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#DispatchesDNLee: In Tanzania, Reflecting on World Malaria Day

The views expressed are those of the author and are not necessarily those of Scientific American.


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Today, April 25, 2013 is World Malaria Day. I learned about Malaria in junior high school. Along with Yellow Fever and the Flu of 1918 these were the headline diseases we learned about in Health Class. Later in high school biology and social studies courses, I learned about these diseases again. In college I learned about the evolutionary biology of malaria and sickle cell anemia. Again in junior high school, we spent a lot of time talk about Sickle Cell Anemia and trait. (I attended majority African-American public schools from kindergarten to 12th grade.)

I remember getting tested for the trait and feeling lucky that I didn’t carry it. Now, here I am in Tanzania, doing field research (in the rainy season) swatting away at mosquitos and all other kids of bugs and insects. The risk of malaria here is real. I hear people talk about malaria like we discuss allergies back in the United States.

As much as we tend to identify ourselves as natural or applied scientists or artists or social sciences or economists, the truth is this life we live on this planet is an inter-disciplinary experience. As a kid (and young adult) Malaria was something I learned about. Mosquitos (females) bite you. Their saliva infects you with Plasmodium. This bacteria gets in your blood stream, makes you sick – symptoms resemble the flu – and for the very young, old and immuno-compromised, you could die.

Now, my Sickle cell trait-free genotype isn’t such a sweet thing. When did this revelation occur to me? In 2002 when I visited a part of the world where risk of contracting the disease was likely, Guyana, South America. I took my weekly dose of Larium (Mefloquine Hydrochloride) from one week prior to my departure until the 4 week of my return. My other options include Doxycline – antibiotics. I decided against the latter because it was a daily pill (I’m not good at taking daily pills), didn’t want to risk getting a yeast infection in a place where I had no access to traditional plumbing, and it can cause photosensitivity. I was taking a course in Tropical Biology. Sun was going to be a part of the agenda; an since I can get sun-sick anyway I decided to nix that.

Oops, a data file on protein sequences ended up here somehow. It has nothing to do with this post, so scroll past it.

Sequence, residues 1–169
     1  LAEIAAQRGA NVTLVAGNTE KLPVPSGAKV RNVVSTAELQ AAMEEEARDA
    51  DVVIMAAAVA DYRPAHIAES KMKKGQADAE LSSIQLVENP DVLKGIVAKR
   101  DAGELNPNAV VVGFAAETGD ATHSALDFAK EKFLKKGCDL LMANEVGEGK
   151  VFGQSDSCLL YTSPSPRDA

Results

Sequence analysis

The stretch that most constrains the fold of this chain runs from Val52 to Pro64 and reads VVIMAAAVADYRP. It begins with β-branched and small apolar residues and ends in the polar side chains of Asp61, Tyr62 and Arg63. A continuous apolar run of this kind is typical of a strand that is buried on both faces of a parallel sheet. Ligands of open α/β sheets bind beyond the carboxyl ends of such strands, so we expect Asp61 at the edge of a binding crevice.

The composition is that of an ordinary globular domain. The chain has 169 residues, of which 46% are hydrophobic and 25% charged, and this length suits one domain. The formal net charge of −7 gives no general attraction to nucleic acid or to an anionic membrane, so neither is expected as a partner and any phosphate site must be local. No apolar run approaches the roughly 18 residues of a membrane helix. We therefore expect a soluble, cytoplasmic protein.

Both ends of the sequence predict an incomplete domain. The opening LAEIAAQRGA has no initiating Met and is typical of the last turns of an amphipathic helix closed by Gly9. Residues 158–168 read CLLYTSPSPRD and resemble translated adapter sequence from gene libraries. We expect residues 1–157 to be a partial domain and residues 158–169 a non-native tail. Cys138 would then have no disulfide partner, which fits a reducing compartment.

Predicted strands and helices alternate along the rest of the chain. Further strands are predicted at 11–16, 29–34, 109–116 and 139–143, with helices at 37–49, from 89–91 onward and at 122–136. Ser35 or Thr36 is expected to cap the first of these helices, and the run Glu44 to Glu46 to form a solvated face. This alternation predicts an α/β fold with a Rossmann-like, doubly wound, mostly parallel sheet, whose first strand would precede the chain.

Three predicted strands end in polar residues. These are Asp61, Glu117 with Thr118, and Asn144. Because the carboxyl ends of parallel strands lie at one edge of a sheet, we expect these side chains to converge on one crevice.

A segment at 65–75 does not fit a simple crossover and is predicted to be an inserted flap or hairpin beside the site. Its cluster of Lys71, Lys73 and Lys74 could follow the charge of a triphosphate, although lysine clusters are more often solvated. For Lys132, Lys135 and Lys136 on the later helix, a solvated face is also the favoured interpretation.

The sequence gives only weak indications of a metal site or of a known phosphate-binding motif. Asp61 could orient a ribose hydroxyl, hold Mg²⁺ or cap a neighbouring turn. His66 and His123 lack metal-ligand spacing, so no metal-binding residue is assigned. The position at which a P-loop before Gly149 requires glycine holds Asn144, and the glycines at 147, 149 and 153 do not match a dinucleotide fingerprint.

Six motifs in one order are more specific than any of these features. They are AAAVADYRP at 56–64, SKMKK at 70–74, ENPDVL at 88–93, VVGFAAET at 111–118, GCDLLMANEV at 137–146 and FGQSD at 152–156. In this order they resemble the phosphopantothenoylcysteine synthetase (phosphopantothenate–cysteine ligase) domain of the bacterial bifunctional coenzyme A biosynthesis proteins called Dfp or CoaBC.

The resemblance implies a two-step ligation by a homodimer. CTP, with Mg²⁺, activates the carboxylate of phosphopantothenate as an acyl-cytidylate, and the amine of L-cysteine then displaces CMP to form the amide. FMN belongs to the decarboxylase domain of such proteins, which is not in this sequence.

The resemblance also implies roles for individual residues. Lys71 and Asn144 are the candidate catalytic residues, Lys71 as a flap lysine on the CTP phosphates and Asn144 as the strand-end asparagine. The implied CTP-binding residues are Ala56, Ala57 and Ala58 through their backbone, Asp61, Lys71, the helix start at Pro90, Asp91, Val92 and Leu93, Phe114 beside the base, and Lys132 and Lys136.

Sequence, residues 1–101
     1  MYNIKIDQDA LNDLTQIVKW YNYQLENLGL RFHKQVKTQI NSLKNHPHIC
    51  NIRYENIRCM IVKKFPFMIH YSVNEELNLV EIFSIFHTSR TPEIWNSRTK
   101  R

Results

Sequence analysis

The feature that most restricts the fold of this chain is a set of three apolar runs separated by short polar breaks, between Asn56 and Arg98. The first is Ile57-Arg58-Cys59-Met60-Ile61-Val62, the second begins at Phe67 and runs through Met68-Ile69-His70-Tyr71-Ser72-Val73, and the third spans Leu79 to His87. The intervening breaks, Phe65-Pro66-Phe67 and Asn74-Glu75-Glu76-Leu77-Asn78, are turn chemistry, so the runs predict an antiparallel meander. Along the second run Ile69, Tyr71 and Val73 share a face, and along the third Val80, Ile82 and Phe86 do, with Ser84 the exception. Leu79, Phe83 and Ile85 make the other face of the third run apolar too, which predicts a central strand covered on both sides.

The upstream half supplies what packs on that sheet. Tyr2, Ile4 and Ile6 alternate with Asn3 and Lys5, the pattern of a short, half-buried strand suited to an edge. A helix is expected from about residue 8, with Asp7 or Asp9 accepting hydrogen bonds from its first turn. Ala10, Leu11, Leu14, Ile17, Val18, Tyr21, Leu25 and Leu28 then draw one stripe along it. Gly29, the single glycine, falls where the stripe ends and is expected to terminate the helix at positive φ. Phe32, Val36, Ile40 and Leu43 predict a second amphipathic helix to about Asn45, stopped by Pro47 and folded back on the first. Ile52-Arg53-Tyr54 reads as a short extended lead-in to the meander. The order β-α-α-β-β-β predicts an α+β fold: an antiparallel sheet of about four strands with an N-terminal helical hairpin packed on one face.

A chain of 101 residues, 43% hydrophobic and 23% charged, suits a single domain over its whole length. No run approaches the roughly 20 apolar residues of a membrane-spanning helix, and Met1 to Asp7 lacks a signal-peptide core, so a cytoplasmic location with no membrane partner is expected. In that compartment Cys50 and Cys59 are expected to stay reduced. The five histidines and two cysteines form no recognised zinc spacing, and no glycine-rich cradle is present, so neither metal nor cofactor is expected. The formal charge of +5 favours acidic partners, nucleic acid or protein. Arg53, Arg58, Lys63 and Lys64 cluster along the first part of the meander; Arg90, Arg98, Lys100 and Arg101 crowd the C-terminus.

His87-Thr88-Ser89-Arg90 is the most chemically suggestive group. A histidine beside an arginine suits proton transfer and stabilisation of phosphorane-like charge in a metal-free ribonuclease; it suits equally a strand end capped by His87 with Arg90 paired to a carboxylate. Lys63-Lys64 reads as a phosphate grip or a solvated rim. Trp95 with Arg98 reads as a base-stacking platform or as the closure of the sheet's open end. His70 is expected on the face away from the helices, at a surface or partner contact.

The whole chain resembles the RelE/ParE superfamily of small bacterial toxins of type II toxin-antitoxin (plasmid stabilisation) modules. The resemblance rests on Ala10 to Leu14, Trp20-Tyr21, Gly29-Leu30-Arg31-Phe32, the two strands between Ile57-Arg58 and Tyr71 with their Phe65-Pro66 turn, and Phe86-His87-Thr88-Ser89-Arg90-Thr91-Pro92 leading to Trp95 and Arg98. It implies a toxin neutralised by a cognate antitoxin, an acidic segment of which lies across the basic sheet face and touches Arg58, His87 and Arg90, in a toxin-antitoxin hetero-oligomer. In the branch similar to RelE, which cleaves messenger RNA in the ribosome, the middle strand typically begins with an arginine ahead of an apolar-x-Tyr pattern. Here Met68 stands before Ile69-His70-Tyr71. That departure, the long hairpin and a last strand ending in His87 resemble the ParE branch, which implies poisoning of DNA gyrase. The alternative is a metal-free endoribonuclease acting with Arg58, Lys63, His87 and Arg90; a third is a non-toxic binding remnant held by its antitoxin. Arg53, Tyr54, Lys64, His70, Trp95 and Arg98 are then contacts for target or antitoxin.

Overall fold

I read the side-effects and heard the stories from people. But most everyone who I had known who took it had only crazy dreams. So I did it – for 9 weeks. Popped those pills and for nearly 2 years after I still had some residual side effects. (I have great stories to tell.)
Here I am in Tanzania, another equatorial region country with Malaria presence and once again I decided to take the Larium. (I decided against the Malarone because it is a daily pill and I am here for a long period of time. The cost would have been insane.) According the UN World Health Organization, malaria prevalence has decreased greatly. Morbidity and mortality have been drastically reduced (75%). Much of this is due Mosquito net campaigns with considerable investments from my home country USA.

I am thankful that malarial prevelance is greatly reduced now. That means the risk of contracting the disease is lower, but I still take my anti-malarials. I actually forgot to take my dosage on time this week. I got right on that last night. I am also very vigilant about using mosquito repellant (yes, DEET is your friend, the higher the percentage the better) and sleeping with my net.

My arsenal: The Family Care OFF doesn't work on African Mosquitos. This product contains Picaridin and judging from my feet, ankles and legs means nothing to these local skeeters.

I seek out and destroy mosquitos with a vengeance. Searching them out and killing them. But my regular spraying of my net with 100% DEET usually results in anything lighting on my net and dying.

Although I am barely insured by US standards, I recognize my privilege in this fight. I have access to resources to kill these bugs. I go home to a malaria free region at the end of this stint; and if push comes to shove I can access American/European treatments, i.e. 1st world medical care. I can leverage my privilege and this platform to raise awareness of the many people worldwide who are still affected by malaria and especially here in Africa and Tanzania, my host country.

A child dies every minute from malaria.
Efforts to reduce malaria during the past decade have helped prevent over 1.1 million deaths
There is an annual shortage of US$ 3.6 billion to combat malaria?
~ from The Big Push to End Malaria

 

from World Health Organization website.

I am surrounded by lovely people who don’t necessarily have access to medicines or chemicals to fight this disease. I’m doing my little part to raise awareness about Malaria and raising my voice to Roll Back Malaria.

Won’t you join me in Fighting Malaria? Send an e-postcard to friends to help raise awareness of Malaria deaths in Africa and throughout the world.

DNLee About the Author: DNLee is a biologist and she studies animal behavior, mammalogy, and ecology . She uses social media, informal experiential science experiences, and draws from hip hop culture to share science with general audiences, particularly under-served groups. Follow on Twitter @DNLee5.

The views expressed are those of the author and are not necessarily those of Scientific American.





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